Can bailouts keep panic at bay?
Trader watching prices on the floor of the New York Stock Exchange on October 14, 2008, reflects the less frantic mood among market watchers.
TEXT OF INTERVIEW
Kai Ryssdal: Obviously, there's a lot going on with all the various bailout packages out there. The Europeans have one. We've got one. Today, major Asian economies came up with one of their own. And today's final tally on Wall Street aside -- that's down 733, by the way -- all that bailing does seem to have at least calmed nerves in the financial markets.
Whether it's calmed them just for now, or forever, is a question I put to MIT economist Simon Johnson.
Simon Johnson: Well, forever is a very long time. We certainly escaped it for now, and for now is most important. And I think we've pulled back the financial systems of the U.S. and Europe and other industrialized countries for some time. I am worried about pressures and cracks in emerging markets. There's a lot of innocent bystanders got injured in this global financial traffic accident. It is still possible to hold the pieces together. It is still possible to go through what is almost certainly going to be a pretty serious global recession without it becoming something worse. So, we should all be breathing a big collective sigh of relief and should start thinking really hard about managing the recession and how we come out of that in better shape.
Ryssdal: How do you manage a recession that everybody is predicting will be long and deep and hard?
Johnson: Well, I think you need to keep your fire power in reserve. You know, the Treasury has $700 billion in its TARP, Troubled Assets Relief Program, that was passed by Congress. They said $250 (billion) can go into bank recapitalization and the rest they want to use to buying up troubled mortgages. That doesn't really make any sense, the second part, because Fannie Mae and Freddie Mac who already work for the government, they're now owned by the government, can buy any amount, or large amounts of troubled mortgages now. They have the authority and they have the capital to do that. And they should really take that additional money, the additional $450 (billion) and put it in a war chest with a label on the outside that says "open in the case of severe recession." Because if this is a recession, you'll have more losses on loans and you'll need more capital to replenish the banks and the non-bank financial system. I think if the president has $450 billion that he or she can throw into the balance at any point in capital for key financial institutions, that will always reassure people as we go through this very difficult part of the cycle.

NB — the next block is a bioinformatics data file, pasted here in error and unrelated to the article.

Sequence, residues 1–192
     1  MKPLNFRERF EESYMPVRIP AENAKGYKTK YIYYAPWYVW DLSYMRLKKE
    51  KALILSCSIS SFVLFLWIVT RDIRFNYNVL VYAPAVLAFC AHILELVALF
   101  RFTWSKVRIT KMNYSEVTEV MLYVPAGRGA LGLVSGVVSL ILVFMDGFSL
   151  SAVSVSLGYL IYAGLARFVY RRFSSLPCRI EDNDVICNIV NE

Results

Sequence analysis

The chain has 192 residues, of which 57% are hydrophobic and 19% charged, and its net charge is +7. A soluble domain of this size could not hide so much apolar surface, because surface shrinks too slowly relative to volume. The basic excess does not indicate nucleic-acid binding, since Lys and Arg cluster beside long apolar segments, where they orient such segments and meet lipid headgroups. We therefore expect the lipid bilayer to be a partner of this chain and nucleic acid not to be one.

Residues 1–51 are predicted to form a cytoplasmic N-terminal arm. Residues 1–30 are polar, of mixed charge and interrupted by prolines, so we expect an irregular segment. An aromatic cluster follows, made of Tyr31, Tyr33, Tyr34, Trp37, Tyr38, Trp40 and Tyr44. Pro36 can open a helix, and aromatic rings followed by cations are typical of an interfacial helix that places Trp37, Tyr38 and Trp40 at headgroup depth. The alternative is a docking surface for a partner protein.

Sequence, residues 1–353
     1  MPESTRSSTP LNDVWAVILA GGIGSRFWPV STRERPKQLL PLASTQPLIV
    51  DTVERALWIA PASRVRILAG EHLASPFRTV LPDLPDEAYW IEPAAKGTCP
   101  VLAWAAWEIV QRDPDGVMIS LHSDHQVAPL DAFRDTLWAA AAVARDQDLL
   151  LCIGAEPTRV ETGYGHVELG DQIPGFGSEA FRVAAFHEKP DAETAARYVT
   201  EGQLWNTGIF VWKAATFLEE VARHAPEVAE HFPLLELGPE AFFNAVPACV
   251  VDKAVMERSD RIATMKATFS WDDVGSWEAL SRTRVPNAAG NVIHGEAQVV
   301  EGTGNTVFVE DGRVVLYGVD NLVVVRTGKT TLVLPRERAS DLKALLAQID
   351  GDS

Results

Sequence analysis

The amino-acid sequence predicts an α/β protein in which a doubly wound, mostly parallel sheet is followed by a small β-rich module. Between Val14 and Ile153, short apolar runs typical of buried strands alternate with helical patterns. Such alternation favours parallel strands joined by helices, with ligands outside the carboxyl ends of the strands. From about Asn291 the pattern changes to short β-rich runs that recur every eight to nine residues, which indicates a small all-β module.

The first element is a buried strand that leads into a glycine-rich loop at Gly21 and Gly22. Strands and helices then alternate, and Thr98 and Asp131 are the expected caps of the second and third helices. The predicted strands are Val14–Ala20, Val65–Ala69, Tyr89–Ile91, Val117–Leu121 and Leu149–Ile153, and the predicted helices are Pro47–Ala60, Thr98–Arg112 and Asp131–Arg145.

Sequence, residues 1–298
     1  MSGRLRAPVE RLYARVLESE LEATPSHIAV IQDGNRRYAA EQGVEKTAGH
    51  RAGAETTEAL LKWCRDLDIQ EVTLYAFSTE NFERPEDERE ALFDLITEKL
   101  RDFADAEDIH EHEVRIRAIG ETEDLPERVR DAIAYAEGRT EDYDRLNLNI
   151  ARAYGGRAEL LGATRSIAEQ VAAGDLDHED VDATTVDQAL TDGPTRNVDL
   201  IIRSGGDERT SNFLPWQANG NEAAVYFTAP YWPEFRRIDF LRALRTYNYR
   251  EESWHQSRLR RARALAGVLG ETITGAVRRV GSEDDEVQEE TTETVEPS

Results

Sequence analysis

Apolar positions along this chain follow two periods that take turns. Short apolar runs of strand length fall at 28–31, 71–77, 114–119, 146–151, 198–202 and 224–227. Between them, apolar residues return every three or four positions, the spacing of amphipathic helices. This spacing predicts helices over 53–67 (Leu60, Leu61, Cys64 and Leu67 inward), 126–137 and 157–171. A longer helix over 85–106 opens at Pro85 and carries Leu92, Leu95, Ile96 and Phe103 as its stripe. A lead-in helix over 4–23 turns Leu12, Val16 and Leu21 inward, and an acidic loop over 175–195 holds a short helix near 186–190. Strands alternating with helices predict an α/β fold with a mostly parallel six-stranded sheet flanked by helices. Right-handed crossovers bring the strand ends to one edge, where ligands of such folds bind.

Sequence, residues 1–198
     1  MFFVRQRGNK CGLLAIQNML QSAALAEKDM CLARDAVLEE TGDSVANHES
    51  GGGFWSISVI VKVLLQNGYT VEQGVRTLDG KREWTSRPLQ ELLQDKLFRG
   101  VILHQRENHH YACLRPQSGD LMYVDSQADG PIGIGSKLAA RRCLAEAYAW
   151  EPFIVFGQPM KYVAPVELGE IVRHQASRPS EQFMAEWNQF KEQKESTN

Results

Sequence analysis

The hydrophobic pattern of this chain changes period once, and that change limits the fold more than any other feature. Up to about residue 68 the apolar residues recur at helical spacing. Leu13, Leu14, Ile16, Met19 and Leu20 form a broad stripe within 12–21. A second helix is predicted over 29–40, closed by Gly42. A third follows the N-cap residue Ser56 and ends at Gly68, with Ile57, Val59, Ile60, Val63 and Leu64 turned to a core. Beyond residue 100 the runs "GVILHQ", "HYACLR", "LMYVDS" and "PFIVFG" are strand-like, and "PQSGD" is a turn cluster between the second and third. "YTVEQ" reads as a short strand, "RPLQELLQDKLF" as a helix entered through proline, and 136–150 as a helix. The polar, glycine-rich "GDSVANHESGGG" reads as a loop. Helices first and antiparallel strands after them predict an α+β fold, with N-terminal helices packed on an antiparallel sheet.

Ryssdal: Is that $450 billion, though, enough to cover the losses that banks still have left on their books, which is in the billions and hundreds of billions of dollars?
Johnson: Well, we don't know, is the honest answer. We don't know exactly what their losses are today, and we don't know how bad the recession's going to be. I think, if $700 billion isn't enough, then, you know, you can get more. It's an issue not so much for the U.S. of resources, it's much more of an issue of strategy. Do they know what they are doing? Are they focused? Are they avoiding sort of ideological distractions and just focusing on what's practical. And today looks pretty good in that regard.
Ryssdal: Let me get back to the Europeans for just a second. Gordon Brown has said in the last couple of days that this is an opportune time to relook at Bretton Woods, that is the entire underlying concept of the international financial system. Do you think this is a ripe moment for that?
Johnson: Well, it's certainly the right time to put the question on the table. Everything is on the table right now, including national and international regulation. I don't think you want world leaders to go off to a big, fancy hotel in New Hampshire and have spa treatments in the next couple of months. That was obviously where they did the original Bretton Woods agreement. First, we need to figure out how to manage our way through this pretty nasty global recession that seems to be in the near future. But, very soon, we should be talking and planning and actually doing things about a new global financial architecture.
Honestly, Sunday morning, I thought that the global financial system was going to melt down and so did other people whose judgment I trust. We avoided it through a combination of brilliant leadership and pure dumb luck. I don't think we really want to rely on either of those elements being present the next time around.
Ryssdal: Simon Johnson of MIT, the Peterson Institute and the blog Baseline Scenario. Professor Johnson, thanks a lot for your time.
Johnson: Thank you.